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The Philosophy Of Conservation

06/03/2017 12:24 GMT | Updated 06/03/2017 12:24 GMT

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There are many branches of philosophy, within which an entire web focuses on how we humans think and feel about the natural world. Yet, despite several philosophical movements and advancements over centuries, we still fail to agree on the level of respect and care nature deserves, making critical thinking to change social paradigms toward conserving nature essential.

Naturalist Movement

The most direct connection between philosophy and conservation is Naturalism. There are many definitions of Naturalism but most are instilled with a sense of realism, to observe, record and quantify. The modern scientific revolution ran in tandem with philosophical naturalism, as the movement centred on recognising the scientific processes and natural forces we adhere to.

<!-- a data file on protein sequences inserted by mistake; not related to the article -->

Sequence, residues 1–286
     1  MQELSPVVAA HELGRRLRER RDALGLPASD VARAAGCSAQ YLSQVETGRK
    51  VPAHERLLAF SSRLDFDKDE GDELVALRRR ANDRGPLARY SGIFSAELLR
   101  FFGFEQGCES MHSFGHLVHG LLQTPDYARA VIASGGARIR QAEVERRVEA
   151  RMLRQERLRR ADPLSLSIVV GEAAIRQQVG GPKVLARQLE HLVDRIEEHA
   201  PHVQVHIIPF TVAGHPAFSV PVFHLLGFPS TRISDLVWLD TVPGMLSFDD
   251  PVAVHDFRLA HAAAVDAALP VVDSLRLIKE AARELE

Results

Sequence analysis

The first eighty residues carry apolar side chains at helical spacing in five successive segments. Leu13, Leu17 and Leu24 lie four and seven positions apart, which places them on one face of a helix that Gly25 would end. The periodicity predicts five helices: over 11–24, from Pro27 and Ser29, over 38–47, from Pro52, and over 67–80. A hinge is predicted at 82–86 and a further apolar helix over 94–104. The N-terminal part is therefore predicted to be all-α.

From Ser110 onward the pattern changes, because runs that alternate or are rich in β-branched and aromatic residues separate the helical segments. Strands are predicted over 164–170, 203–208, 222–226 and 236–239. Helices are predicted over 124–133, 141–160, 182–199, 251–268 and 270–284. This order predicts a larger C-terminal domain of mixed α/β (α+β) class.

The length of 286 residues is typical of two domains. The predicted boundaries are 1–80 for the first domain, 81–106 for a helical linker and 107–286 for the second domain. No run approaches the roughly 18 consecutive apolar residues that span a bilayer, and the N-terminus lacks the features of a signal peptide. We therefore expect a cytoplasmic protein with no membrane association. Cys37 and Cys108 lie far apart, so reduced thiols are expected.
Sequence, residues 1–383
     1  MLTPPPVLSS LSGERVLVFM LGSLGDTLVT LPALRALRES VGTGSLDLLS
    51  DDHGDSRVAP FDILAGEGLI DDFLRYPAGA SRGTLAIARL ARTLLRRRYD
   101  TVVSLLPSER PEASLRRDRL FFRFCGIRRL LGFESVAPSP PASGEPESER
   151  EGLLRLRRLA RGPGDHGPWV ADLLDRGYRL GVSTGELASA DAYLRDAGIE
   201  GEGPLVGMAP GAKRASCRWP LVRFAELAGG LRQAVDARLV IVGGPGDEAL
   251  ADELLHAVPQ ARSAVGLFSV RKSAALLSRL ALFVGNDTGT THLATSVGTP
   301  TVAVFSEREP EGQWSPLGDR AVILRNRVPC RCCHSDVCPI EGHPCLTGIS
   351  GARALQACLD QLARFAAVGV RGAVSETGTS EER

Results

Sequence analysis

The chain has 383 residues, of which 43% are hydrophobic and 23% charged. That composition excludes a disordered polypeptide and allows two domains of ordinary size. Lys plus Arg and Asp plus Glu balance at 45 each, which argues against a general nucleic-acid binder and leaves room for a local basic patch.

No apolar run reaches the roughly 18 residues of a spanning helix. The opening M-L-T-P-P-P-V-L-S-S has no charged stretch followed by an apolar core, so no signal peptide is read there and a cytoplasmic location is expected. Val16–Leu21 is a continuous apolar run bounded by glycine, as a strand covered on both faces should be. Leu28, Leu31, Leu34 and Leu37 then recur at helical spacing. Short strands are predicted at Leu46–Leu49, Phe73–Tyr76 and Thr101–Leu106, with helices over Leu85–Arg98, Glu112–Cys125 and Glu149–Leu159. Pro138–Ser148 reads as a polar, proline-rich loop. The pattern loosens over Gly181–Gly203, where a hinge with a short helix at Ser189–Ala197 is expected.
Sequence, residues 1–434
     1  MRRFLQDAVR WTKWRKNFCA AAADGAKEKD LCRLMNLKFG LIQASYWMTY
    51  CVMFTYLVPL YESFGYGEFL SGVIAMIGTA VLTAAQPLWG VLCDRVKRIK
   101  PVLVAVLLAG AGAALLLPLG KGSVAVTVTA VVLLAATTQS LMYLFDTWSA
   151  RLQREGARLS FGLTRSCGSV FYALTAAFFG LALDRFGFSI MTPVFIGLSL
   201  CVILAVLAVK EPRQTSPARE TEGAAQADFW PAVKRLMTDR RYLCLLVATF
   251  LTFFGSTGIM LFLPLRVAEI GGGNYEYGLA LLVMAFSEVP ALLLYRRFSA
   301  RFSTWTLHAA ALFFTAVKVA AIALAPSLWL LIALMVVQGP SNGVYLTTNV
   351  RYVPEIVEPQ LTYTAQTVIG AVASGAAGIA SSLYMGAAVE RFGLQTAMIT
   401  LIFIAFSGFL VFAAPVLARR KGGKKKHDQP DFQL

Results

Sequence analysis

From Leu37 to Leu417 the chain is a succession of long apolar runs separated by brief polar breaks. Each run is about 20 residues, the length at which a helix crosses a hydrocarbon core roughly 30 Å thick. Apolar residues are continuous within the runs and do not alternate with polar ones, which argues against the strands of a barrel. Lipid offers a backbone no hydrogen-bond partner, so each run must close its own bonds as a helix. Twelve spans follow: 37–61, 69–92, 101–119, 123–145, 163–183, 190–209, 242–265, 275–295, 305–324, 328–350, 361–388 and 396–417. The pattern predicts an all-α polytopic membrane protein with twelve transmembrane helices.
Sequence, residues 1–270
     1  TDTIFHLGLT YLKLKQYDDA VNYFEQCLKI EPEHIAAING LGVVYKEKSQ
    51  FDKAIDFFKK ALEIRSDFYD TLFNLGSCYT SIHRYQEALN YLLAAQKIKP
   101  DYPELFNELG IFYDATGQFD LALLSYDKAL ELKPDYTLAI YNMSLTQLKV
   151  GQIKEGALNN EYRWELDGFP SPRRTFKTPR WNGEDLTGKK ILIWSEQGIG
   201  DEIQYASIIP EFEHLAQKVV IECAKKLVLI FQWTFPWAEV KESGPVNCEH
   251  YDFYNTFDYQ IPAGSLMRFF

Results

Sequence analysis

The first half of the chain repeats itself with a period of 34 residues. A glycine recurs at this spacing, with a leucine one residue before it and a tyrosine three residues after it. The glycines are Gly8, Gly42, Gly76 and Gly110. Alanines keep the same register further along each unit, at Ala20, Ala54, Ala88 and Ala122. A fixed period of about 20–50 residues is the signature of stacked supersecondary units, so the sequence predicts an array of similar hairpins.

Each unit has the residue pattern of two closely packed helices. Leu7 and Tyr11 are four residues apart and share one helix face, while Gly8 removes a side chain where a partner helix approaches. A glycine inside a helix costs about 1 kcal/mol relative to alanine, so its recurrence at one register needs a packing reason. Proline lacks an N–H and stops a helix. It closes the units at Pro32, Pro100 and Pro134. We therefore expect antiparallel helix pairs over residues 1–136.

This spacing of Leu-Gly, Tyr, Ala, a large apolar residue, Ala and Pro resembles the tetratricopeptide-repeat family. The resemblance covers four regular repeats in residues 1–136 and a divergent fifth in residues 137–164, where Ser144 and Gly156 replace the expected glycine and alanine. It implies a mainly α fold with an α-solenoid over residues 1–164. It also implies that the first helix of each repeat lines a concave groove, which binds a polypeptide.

This was later expressed in naturalist literature as authors and poets began defining characters in their works through their relationship to nature and their surroundings; making the connection that humankind is a part of nature and how it plays a pivotal role in what it is to be human.

The irony is that while our ability to discover, communicate and understand has advanced so too has our self-importance. Granted many grew a newfound respect and connection to nature but this deepened the longstanding fork in thinking. Those considering our intelligence as that of above all else resulted in delusions of grandeur; human superiority and by extension domination, over the natural world and it's this severance from nature which has led to its exploitation.